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Robert E. Lee on Leadership: Part I

by Don Meyer, Ph.D. | July 14, 2012

“It is well that war is so terrible.  We should grow too fond of it.”
Robert E. Lee

On a recent drive down the Shenandoah Valley we stopped for the night in the small community of New Market, Virginia.  We could not help but notice all of the evidence that we were in an historic Civil War community.  In fact, located just outside of town was the famous New Market Battlefield. 

After breakfast and before we resumed our travels on I-81 south we drove to the historic site.  And, though we did not have time for the three hour museum tour, we did visit the bookstore.  There I found H. W. Crocker III’s book titled Robert E. Lee on Leadership: Executive Lessons in Character, Courage, and Vision (1999; 2000).

Before I share some of Crocker’s insights in this first of a two part series, here is a brief overview of Lee’s life.  He was born in Stratford, Virginia on January 19, 1807 as the youngest son of major-general Henry Lee, called “Light Horse Harry.”  He entered West Point in 1825 and graduated four years later second in his class.  After serving in the U.S. Engineer Corps, he took part in the Mexican war, repeatedly winning distinction for conduct and bravery. 

After the war and further engineer work, he was appointed superintendent of West Point in 1852 where he served for three years.  He continued to serve in the U.S. Army and in in 1861 was made a colonel by the Federal Government of the U.S. In that role he was offered the command of the field army about to invade the South because of the secession of Virginia.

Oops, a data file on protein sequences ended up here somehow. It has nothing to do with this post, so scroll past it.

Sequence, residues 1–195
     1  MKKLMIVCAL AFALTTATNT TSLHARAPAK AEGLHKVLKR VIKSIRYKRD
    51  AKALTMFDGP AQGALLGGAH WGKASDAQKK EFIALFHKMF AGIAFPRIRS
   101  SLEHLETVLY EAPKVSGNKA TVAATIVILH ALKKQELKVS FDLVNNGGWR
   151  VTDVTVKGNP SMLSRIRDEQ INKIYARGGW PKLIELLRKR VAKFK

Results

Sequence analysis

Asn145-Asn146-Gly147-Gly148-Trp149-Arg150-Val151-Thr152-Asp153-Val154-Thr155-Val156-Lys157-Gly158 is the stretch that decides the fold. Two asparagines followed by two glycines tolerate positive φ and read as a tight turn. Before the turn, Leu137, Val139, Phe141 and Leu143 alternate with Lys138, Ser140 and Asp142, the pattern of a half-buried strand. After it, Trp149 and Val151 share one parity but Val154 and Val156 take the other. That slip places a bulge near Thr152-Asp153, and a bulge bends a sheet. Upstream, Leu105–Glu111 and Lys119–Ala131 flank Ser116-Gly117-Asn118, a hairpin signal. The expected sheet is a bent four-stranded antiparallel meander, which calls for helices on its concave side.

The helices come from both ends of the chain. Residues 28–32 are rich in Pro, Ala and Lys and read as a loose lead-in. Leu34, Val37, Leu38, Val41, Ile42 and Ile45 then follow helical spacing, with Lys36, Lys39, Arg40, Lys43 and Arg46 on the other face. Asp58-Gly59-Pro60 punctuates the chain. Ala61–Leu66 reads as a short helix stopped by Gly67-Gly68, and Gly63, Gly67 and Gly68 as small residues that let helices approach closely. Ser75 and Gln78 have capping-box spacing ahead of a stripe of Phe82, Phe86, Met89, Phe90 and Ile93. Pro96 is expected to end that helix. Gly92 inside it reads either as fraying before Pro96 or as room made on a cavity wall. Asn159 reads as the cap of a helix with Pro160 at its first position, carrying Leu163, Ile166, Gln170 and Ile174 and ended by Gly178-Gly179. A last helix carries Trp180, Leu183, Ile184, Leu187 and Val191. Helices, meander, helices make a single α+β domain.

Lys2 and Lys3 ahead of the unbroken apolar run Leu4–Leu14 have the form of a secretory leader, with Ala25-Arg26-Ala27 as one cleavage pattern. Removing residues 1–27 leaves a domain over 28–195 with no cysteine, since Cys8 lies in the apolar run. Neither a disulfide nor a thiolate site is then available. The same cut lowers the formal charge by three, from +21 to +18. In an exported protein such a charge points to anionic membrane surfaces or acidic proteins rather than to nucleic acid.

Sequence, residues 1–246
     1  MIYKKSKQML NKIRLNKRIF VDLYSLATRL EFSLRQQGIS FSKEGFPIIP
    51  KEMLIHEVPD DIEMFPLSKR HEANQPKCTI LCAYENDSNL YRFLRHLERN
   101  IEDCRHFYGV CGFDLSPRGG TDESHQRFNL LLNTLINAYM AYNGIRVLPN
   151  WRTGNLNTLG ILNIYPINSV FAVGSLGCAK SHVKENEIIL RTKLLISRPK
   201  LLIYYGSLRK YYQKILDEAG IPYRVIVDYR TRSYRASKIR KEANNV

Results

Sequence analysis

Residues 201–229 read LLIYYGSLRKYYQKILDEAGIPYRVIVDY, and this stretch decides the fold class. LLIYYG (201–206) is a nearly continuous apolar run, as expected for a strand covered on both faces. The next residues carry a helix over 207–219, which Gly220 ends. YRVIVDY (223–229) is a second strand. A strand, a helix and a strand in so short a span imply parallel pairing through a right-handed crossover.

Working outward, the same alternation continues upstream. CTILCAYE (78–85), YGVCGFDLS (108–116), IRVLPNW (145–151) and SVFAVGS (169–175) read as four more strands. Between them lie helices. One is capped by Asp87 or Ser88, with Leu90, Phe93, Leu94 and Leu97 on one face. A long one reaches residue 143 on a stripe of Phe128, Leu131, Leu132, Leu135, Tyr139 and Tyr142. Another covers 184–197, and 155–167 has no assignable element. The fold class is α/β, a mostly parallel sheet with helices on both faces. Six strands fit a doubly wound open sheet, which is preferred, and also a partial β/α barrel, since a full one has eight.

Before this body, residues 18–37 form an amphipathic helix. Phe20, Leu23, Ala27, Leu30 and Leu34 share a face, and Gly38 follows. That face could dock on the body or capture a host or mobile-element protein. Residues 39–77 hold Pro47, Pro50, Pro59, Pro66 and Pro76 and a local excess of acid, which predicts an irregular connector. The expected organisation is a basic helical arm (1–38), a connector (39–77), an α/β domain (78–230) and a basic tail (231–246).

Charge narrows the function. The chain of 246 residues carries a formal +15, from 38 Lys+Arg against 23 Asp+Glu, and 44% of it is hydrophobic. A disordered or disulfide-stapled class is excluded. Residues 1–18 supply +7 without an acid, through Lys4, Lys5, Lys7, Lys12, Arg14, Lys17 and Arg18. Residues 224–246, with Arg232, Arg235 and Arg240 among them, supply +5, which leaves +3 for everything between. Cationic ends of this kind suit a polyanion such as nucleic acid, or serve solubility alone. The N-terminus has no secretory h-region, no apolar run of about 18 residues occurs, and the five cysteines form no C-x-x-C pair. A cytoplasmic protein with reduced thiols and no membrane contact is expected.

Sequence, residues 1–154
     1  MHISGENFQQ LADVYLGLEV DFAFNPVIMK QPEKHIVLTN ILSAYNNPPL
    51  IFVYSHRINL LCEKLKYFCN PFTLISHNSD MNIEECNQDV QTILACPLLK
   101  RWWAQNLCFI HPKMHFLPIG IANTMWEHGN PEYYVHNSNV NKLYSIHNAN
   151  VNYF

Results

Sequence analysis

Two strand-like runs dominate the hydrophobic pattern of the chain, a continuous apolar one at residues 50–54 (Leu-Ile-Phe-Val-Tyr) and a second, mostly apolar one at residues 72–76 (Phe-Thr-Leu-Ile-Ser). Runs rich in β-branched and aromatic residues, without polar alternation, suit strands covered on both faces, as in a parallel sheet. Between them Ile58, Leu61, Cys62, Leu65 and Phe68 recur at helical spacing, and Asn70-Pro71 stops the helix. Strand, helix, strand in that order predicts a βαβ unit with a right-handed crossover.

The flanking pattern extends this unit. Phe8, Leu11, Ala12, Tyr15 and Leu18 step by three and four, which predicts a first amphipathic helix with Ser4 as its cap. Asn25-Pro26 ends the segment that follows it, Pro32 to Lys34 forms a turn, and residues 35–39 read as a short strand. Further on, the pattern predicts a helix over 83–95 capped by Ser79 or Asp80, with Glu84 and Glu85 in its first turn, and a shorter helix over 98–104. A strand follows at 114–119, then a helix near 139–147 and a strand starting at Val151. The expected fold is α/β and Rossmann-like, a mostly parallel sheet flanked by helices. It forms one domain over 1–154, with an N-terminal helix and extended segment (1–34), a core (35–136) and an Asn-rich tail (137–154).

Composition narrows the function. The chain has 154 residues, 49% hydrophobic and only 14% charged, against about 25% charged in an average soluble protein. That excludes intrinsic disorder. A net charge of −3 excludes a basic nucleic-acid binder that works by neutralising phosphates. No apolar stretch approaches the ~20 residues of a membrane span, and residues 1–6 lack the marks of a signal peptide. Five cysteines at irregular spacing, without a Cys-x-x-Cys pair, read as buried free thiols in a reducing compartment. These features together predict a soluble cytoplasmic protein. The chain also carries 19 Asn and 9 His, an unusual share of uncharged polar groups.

With huge personal sacrifice and commitment, he resigned his commission and made his way to Richmond and was at once made the leader of the Virginian forces.  A few weeks later he became a brigadier-general (then highest rank) in the Confederate service where he served until the end of the war in 1865.

By his achievements, Lee won high place among the great generals of history.  Though hampered by lack of materials and by political necessities, his strategy was daring always, and he never hesitated to take the gravest risks. His personal influence over the men whom he led was extraordinary. 

Any student of the Civil War cannot help but notice how Lee’s influence dominated the course of the struggle which was never more conspicuously shown than in the last hopeless stages of the contest.  In spite of his military losses, Lee is acknowledged by friends and foes for the purity of his motives, the virtues of his private life, his earnest Christianity and the unwavering loyalty with which he accepted the ruin of his party.

Crocker’s book looks at Lee’s life from a topical perspective which follows Lee through the various stages of his development and leadership.  Beginning with a summary of Lee as a person, he goes on to describe his Apprenticeship in Mexico, Lee as a Businessman and Strategist, as well as particular descriptions of Lee during the war.  I found his Chapter on “Lee Versus Grant” particularly insightful.

Perhaps Lee’s most noble qualities became evident after Gettysburg when the tide of the war turned and his challenges grew beyond any hope of a win.  No matter how one feels about his cause, his leadership against hopeless odds was absolutely remarkable. 

During his final years he was the President of Washington College (now Washington and Lee University) located in Lexington, Virginia.  There he and his horse, Traveller, are buried.

In Lee’s words, “Live in the world you inhabit.  Look upon things as they are.  Take them as you find them.  Make the best of them. Turn them to your advantage.  The great duty of life is the promotion of the happiness and welfare of our fellow man.  I cannot consent to place in the control of others one who cannot control himself.”

Think about it.

Dr. Don Meyer is President of 
Valley Forge Christian College, Phoenixville, PA 
Responses can be mailed to president@vfcc.edu